The period 2014-2018 has not exactly been a period of peace. Over the past four years, the world has witnessed the brutal war with ISIS in Iraq and Syria, the genocide against the Rohingya in Myanmar, and the civil war in Ukraine (not to mention continuing conflicts in Afghanistan, Yemen, Nigeria, Darfur, Mexico, and many other parts of the world).
One hundred years ago, the guns of World War One fell silent. Yet the “Great Powers” would be at each others’ throats again in a little over two decades, with the start of World War Two. Today, the threat of open conflict between the USA and powerful rivals such as China seems remote (though certainly not inconceivable). Yet can we really say we’ve learned the lessons of the First World War?
One hundred years after the end of WWI, Debating Europe has launched a series of online discussions dedicated to examining the legacy of the Great War. We’ll be looking at the origins and impact of the First World War, and what lessons can be drawn one hundred years later.
What do our readers think? We had a thoughtful comment sent in from reader Helen, who felt the centenary was a missed opportunity to really learn the lessons of World War One. She had this to say:
To me, it feels like we had some solemn parades in 2014 (And we will have some more in November 2018), but apart from that [World War One] has been largely forgotten. A better way to mark the centenary would have been a period of world peace. This, obviously, our leaders have not delivered.
To get a response, we took Helen’s comment to Dan Carlin, host of the podcast Hardcore History. Carlin has previously released a series of episodes looking in-depth at the First World War (and he also hosts a podcast on contemporary American politics called Common Sense). What did he think about the way the world has commemorated the centenary of World War One?
I think it’s on an upswing, and I can’t say why interest is on an upswing. There are a bunch of different theories I have: one is the centennial – we’re still in that window, it’s one hundred years on November 11 of this year since the Armistice. So, I think I’ve actually seen an upswing in interest. If you caught me maybe ten or fifteen years ago, I would say that the amount of knowledge out there was shockingly limited considering the importance of the event. I do think that there’s been an uptick.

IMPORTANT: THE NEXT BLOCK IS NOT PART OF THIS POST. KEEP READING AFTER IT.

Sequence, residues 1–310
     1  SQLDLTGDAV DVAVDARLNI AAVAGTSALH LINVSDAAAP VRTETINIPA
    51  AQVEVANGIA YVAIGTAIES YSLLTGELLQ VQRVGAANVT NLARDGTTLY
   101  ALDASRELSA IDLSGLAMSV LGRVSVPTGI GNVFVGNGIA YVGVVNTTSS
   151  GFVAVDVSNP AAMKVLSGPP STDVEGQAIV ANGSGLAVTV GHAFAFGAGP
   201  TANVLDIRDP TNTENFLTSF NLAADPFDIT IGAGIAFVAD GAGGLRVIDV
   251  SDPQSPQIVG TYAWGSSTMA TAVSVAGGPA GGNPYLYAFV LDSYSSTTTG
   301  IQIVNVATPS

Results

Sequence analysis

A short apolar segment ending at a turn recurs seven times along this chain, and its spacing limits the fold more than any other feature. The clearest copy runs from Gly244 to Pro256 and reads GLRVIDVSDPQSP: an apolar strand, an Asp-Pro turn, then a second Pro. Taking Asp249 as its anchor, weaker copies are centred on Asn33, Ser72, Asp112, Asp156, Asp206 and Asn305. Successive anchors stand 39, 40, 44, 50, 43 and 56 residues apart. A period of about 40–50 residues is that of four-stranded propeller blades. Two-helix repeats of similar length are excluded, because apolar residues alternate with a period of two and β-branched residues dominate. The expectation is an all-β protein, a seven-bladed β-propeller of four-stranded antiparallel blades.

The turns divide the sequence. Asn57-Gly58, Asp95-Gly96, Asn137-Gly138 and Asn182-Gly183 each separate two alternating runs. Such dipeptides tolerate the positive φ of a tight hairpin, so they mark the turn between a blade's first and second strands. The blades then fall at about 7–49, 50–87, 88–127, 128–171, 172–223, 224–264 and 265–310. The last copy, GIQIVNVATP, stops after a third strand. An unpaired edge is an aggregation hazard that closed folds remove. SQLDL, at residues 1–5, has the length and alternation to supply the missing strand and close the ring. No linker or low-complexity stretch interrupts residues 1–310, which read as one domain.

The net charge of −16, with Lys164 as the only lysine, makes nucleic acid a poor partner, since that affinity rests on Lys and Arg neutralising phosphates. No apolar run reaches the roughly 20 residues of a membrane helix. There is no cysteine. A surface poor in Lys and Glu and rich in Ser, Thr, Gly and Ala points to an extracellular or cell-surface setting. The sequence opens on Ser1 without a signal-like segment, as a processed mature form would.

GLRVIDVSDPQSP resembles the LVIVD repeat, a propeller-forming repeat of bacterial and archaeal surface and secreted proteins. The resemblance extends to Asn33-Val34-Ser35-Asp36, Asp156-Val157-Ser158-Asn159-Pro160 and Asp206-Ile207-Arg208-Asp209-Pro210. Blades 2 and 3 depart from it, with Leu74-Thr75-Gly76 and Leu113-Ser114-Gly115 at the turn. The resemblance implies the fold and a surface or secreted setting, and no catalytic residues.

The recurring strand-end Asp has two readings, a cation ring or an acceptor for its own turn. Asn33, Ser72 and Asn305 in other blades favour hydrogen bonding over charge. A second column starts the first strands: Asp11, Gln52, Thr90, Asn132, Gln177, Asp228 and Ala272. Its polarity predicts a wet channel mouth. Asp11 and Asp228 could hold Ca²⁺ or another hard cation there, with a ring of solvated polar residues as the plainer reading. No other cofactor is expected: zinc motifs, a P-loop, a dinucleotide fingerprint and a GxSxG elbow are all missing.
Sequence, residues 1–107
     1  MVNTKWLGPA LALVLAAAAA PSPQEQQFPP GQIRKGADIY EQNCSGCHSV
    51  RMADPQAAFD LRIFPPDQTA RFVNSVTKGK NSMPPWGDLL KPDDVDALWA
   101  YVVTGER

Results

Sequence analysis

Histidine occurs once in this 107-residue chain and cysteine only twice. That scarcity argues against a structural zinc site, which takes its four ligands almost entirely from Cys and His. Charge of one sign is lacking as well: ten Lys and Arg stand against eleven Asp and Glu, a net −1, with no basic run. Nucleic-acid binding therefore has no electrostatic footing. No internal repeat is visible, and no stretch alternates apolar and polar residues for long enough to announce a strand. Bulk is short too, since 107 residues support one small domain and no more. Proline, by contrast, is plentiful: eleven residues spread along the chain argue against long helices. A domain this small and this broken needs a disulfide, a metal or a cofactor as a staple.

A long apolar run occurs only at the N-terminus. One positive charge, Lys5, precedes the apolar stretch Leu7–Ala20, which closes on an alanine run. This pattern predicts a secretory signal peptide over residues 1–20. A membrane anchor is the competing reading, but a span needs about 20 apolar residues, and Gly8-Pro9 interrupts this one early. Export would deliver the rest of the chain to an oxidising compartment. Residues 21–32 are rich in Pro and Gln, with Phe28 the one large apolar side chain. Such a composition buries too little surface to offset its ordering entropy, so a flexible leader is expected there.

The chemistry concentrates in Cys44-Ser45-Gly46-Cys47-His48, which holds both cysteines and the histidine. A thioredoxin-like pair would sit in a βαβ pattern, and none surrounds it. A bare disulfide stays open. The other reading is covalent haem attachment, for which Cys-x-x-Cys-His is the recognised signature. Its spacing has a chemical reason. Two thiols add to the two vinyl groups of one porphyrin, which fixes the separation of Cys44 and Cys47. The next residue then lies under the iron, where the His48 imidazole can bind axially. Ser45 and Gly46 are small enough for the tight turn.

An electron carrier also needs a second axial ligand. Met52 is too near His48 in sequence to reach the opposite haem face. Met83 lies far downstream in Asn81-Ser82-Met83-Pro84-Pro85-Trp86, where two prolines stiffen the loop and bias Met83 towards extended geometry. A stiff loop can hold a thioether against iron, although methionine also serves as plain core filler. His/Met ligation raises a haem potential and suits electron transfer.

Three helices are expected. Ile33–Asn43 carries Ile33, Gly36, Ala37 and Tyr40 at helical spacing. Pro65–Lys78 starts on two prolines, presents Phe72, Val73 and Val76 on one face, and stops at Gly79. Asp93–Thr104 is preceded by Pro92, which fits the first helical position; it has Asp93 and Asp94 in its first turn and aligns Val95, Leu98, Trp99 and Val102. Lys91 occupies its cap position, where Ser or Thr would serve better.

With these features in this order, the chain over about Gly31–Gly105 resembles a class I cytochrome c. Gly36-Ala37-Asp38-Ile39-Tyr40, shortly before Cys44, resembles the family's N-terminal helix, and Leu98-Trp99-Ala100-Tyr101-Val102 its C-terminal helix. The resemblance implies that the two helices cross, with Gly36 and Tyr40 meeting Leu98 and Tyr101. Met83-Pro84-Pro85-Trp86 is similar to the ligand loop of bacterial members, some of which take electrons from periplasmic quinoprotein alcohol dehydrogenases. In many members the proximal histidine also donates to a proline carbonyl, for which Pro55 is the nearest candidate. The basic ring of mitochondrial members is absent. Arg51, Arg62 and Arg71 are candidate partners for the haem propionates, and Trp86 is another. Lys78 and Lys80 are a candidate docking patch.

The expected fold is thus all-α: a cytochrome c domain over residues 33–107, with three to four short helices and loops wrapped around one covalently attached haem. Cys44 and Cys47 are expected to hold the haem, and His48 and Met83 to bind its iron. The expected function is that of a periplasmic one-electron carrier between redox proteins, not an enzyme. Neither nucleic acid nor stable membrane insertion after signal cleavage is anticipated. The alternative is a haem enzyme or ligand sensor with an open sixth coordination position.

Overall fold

Now, if there’s been an uptick from shocking ignorance, I don’t know what that means in terms of where we actually are, but I do think people pay more attention to the second World War than the first; it overshadows the first to some degree. What’s a little sad about the whole thing though is that I don’t know how you understand the second World War without really delving into the first. They’re almost like Part I and Part II of a movie. I don’t understand how you can get the Empire Strikes Back if you didn’t see the original Star Wars. So, I think it’s on uptick from a very low level of interest.
For another perspective, we also put Helen’s comment to Dan Snow, presenter of numerous award-winning history programmes for the BBC, and host of the podcast Dan Snow’s History Hit. How would he respond?
I would agree with Helen, I’m afraid. I think it’s been a period of solemn commemoration, and it’s been nice to see community and school projects, but when it comes to the lessons of the First World War it’s all very well us discussing and talking about it, but the people who need to read those lessons are Vladimir Putin, Trump, the Chinese leadership. And I worry that, just as Kennedy was reading the book about the First World War during the Cuban Missile Crisis, I wish that our current leadership would not just turn up to these state occasions but would actually think about it and ingest some of the lessons of the First World War. And that is that politicians may not feel they are in control of events, they may feel that things are forced upon them. But they always have a choice. Ultimately, they always have a choice. They can always halt the slide towards confrontation.
And also a fundamental lesson which is that nationalism, and this division of the human race into made-up and imaginary political bodies is patently absurd. And whilst it’s great to celebrate where you come from, and in many ways serves a purpose – that people in Kent are happy to subsidise people living in Glasgow because they feel a shared kinship – ultimately the capacity for the nation-state to trigger extraordinary catastrophe is very profound. And it’s sad that these four years have shown a riot of American exceptionalism, Brexit, and interstate conflict.
Have we forgotten the lessons of World War One? Do you think the centenary of the First World War has been marked appropriately? Or was have the last four years been a missed opportunity? Let us know your thoughts and comments in the form below and we’ll take them to policymakers and experts for their reactions!
IMAGE CREDITS: Public Domain / UK Government; PORTRAIT CREDITS: Dan Snow / CC IPUP York Image Galleries; Dan Carlin (used with permission)